As a resident in the UK I will primarily discuss drug policy, current
and potential as it applies to the UK, I have drawn heavily on the
work of Transform,
an organisation who's mission statement is to:
... promote sustainable
health and wellbeing by bringing about a just, effective and humane system to
regulate and control drugs at local, national and international levels.
Raising the debate on the prohibition, legalisation
and regulation of all drugs including heroin, cocaine and cannabis.
Further information can be
found on their website - (http://www.tdpf.org.uk/)
I am a drug
and alcohol worker, volunteer substance
misuse counsellor and ex-offender.
I currently work to support individuals seeking to make changes in their
problematic drug or alcohol use.
Current State of Play
In the UK as in the
vast majority of the world, drug use is currently being managed by the prohibition
Prohibition aims to
eliminate the production, trafficking
and use of certain psychoactive
substances by using criminalisation
of the above actions as a deterrent.
Despite punitive measures and
harsh punishments for infractions, drug
use in the UK
has continued to rise.
Harmed by Prohibition?
Drug prohibition increases
crime on all levels, from the householder who is burgled, the individual that
is mugged, through the victims of associated crimes within the drug trade.
Gangs and associated violent gun and
knife crime have become more prevalent as turf
wars escalate over the lucrative drugs trade. At a higher level, organised
crime cashes in on the vast trafficking profits leading to corruption
amongst the law enforcement community and politicians.
Drug users and misusers:
Prohibition creates a
culture of harm maximisation for those using drugs; often the most vulnerable
in our society. Blood borne viruses such as HIV
are rife within the drug using community. Recently needle
exchanges and BBV education and testing campaigns have been implemented but
for many it is too late. Prostitution is strongly linked with Class A
drug use with an estimated 90-95% of female sex workers using; usually heroin
Citizens of Producer and
Drugs are big business,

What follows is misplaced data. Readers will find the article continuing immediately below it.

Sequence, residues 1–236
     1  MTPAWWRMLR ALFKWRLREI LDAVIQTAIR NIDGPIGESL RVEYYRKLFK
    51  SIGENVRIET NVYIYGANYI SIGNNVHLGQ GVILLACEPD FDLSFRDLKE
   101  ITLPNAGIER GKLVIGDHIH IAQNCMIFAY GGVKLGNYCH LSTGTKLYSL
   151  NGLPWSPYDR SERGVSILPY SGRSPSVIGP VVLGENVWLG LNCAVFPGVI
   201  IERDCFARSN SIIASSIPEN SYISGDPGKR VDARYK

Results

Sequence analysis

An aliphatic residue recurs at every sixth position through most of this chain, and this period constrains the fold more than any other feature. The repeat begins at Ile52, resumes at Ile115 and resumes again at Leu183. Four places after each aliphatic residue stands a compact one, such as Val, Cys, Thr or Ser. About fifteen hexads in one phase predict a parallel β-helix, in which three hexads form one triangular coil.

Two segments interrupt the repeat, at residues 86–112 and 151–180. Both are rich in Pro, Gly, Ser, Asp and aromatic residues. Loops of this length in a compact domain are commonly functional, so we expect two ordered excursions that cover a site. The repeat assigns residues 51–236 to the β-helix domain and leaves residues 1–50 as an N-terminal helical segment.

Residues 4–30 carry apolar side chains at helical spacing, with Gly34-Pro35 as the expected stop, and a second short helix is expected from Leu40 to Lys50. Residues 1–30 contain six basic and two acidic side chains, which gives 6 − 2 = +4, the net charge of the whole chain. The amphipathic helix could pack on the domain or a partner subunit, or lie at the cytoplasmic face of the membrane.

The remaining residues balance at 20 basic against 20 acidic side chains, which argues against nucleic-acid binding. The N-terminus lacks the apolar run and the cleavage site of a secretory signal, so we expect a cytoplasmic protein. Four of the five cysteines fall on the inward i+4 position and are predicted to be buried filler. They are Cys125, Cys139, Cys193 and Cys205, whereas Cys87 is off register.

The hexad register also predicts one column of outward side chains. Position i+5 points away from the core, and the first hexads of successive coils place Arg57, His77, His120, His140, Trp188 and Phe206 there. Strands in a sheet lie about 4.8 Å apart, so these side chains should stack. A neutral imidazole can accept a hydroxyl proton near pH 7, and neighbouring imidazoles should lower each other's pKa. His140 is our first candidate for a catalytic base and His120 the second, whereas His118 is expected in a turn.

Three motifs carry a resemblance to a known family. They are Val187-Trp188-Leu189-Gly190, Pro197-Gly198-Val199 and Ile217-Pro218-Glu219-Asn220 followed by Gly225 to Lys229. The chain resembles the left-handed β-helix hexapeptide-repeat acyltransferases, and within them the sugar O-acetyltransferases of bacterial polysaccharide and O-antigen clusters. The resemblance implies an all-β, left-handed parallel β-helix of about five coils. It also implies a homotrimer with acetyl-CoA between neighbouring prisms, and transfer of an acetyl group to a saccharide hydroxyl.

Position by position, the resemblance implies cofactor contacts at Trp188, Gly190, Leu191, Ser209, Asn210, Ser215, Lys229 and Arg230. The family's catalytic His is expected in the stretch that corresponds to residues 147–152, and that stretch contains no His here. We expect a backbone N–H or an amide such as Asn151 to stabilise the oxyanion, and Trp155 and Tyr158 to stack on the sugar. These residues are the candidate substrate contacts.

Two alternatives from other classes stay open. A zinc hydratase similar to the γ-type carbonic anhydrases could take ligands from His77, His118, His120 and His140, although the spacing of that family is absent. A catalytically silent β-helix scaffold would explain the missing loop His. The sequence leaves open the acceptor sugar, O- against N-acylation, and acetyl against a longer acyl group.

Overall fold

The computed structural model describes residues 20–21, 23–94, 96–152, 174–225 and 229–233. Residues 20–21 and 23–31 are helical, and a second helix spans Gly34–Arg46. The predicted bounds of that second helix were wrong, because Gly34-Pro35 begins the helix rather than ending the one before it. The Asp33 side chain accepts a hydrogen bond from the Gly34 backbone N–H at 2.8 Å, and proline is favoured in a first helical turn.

countries such as Columbia
suffer social, economic and political instability due to the massive economic
pull caused by the demand for drugs in first world countries. Supply
will always follow demand and local, temporary successes in drug
interdiction will only raise street prices causing knock on acquisitive
crime in the end-user country and greater potential profits for the
Prohibition has the effect
of effectively criminalising huge sections of the population, individuals who
are often not involved in any other law breaking run the risk of receiving
criminal records and demotion to second
class citizens - ex-offenders. Ex-offenders often find it difficult to find
employment when compared to individuals with no criminal
record. This can lead to the cycle perpetuating itself with fewer and fewer
opportunities available with every subsequent conviction. Including lifetime
use 25% of adults and almost 50% of young people are or have been potential drug
The Tax Payer:
All this prohibition is
in particular it costs around £37000 to imprison one person for a year and
prison populations of around 77000 (in 2006) this swiftly adds up. In 2000 the
economic and social costs of class A drugs were estimated at between £11.1
billion and £17.4 billion.
regulated markets would allow government to take control of the market
which are currently under the control of criminals. This would lead to:
A dramatic drop in crime
including street and violent crime, acquisitive crime and prostitution.
A drop in the
prison population and associated costs by up to 50%.
health and more effective harm
reduction resulting from improved data
collection on drug use and better access to vulnerable people.
Removing the corrupting
influence of drug trafficking profits in countries around the world.
Safer, purer drugs on our
streets and in the hands of our most vulnerable citizens.
The option to tackle the
underlying causes of problematic drug use such as poverty, abuse and
Politicians, Non Government
Organisations and individuals are often unwilling to speak out, in part due to
the emotive and highly charged political environment drug policies exist in.
Associations have been made with terrorist organisations, immigration and
criminal behaviour linking the impression of being 'soft
on drugs' with a thousand vote and funding losing positions. Drug use has
been turned into a moral issue, those who take a toke or pop a pill are somehow
or at the very least weak.
We are fighting a war on
drugs, a crusade against the scourge afflicting the weak,
doomed and the hopeless. It is a war many of us do not wish to fight, but
are carried along and get caught in the crossfire. It is a war that ultimately
we cannot win yet cannot seem to withdraw from.
Perhaps it is time for the olive